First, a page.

If you’re planning to read To Crown with Liberty with your book club, class, etc., here are a few questions to help you get the discussion started. I’m offering this content free to anyone. You’re welcome to copy/ paste these into a Word doc or other file for printing and distribution.

To Crown with Liberty by Karen Ullo

Discussion Questions

Memorable Scene
What was the most memorable scene in your opinion? Why? What emotions did it evoke for you?

New Orleans
Have you ever been to New Orleans? Was there anything about the presentation of the city in 1795 that surprised you? Anything that felt familiar?

Have you ever been to Paris? Was there anything about the presentation of the city that surprised you? Anything that felt familiar?

Did you know that the Champs de Mars, the site of both the Fête de la Fédération to celebrate the anniversary of the fall of the Bastille and the Champs de Mars massacre, is better known in our century as the site of the Eiffel Tower? Does that change anything about how you look at one of the most famous landmarks in the world?

Why do you think the book is called To Crown with Liberty? According to the book, what do you think true liberty is, and who bestows its “crown?”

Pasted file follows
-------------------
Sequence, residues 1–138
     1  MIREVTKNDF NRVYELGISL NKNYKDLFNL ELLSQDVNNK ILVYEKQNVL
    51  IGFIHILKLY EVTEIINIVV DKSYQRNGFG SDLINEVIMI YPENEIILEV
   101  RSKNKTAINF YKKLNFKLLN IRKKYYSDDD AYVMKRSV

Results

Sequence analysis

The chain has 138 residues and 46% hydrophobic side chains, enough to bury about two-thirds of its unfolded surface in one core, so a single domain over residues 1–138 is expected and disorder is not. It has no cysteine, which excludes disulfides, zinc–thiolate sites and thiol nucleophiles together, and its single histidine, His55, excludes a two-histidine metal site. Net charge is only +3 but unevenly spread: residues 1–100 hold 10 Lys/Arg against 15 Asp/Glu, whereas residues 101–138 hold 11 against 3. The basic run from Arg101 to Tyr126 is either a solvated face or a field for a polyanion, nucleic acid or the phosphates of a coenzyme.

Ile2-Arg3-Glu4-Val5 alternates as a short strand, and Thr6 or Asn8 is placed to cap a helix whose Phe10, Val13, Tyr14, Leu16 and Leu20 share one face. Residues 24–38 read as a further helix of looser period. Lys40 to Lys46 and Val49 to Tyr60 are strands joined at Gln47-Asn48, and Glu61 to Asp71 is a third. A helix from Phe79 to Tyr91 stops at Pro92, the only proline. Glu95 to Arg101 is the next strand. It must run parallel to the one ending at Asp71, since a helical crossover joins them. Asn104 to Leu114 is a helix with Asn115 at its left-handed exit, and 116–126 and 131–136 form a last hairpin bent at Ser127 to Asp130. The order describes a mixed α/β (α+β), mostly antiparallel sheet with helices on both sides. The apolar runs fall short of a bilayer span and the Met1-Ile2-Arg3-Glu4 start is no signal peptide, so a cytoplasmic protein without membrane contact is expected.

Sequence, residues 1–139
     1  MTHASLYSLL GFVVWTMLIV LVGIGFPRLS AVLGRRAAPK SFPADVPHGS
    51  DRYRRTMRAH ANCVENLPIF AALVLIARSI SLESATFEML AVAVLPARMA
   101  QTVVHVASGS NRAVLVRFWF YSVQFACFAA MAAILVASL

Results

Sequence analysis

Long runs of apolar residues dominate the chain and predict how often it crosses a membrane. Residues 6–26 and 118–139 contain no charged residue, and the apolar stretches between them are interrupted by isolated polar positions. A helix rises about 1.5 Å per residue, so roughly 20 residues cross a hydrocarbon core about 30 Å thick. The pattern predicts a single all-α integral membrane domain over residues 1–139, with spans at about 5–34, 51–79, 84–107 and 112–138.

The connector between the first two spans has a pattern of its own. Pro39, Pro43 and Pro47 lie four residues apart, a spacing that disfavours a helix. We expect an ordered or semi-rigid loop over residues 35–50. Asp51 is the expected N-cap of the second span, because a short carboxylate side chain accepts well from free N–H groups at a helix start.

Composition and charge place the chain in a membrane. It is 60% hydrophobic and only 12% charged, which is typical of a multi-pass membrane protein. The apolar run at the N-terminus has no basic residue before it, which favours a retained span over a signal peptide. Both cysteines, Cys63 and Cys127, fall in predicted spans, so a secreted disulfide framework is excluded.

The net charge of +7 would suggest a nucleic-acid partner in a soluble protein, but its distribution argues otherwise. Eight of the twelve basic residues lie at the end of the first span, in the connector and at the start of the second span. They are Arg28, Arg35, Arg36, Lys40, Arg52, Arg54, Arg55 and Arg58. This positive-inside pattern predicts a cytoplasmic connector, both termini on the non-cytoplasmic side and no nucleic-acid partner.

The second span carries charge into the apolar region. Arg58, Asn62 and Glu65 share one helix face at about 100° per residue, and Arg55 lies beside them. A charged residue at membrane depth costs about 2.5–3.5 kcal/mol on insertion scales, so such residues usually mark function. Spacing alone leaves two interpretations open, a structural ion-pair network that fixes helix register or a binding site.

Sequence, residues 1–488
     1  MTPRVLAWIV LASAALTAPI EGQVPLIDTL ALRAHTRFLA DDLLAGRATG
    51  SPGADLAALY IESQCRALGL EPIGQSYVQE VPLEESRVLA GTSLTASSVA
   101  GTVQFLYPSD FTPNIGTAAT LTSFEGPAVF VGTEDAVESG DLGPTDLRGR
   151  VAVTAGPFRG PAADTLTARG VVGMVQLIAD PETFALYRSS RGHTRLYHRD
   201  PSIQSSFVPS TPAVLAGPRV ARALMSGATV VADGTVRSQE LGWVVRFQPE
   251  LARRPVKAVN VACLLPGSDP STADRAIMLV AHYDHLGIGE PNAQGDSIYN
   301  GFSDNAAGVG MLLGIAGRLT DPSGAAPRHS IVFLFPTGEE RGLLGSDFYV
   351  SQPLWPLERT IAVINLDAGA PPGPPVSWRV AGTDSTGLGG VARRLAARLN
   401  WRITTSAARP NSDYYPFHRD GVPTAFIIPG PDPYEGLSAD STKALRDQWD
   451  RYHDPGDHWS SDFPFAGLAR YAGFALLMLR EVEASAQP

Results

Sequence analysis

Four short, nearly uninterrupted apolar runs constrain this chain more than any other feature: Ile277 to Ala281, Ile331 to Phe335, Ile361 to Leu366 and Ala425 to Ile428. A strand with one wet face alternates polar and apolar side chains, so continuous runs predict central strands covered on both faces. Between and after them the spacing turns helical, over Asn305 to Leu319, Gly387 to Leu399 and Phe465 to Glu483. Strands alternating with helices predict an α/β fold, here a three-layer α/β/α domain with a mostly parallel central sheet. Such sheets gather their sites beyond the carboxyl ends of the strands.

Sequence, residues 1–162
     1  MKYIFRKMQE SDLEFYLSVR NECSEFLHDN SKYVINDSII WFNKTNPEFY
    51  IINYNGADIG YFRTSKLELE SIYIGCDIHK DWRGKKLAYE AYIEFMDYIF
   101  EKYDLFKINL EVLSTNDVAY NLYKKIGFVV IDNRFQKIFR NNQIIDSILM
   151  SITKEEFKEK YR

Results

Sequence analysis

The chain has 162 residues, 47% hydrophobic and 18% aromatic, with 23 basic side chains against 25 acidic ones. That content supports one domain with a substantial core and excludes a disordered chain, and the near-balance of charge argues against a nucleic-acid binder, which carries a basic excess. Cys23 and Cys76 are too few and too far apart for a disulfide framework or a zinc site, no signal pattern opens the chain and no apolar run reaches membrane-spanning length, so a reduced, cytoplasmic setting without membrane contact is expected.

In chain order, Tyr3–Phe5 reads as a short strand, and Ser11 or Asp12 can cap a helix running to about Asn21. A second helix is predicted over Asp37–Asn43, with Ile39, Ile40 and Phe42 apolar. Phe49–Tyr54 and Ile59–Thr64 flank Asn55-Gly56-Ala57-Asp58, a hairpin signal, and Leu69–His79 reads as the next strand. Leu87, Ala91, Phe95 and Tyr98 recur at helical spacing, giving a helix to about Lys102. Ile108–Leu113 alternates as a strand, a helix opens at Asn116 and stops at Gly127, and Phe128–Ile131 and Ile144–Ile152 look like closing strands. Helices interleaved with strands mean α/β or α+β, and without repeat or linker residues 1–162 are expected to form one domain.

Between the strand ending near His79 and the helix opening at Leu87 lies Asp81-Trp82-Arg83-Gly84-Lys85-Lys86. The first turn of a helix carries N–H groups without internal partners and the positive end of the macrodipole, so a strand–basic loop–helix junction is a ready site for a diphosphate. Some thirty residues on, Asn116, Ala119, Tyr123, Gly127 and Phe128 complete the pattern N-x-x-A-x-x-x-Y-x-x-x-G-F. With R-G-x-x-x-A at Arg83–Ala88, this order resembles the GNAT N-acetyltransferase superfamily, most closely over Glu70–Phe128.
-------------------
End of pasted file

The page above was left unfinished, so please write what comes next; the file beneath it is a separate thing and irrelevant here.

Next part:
Religious Persecution
Describe the changes that led from a society ruled by a Catholic monarchy to one that actively persecuted the Church. Was the persecution justified? Why or why not? Was there anything that resonated with your experiences of modern society?

The book is dedicated the Holy September Martyrs, one hundred and ninety-one men like Father Pontus who were killed for refusing to pledge an oath that effectively idolized the government, placing it above God. Do you think they were they right to refuse? Why or why not? What do you think about other priests, like Father Barrière in Saint-Martin, who chose to flee instead of being killed? (Both Father Pontus and Father Barrière were real people.)

Historical Figures
Which historical figures in the book did you recognize? Did you learn anything new about them? Was there anything that surprised you about the way they were portrayed?

In the book, Alix wonders how it is possible that the Catholic Church has not condemned slavery when even the Jacobins took steps to outlaw it. In fact, many popes condemned slavery dating back to the 15th century, yet it remained a common practice not only among individual Catholics but even Catholic institutions in the New World. Alix’s question is based on the evidence of her experience, since she has no access to papal records. Why do you think this happened? Are there any moral teachings of the Church that you see faithful Catholics today violating on a widespread, everyday basis?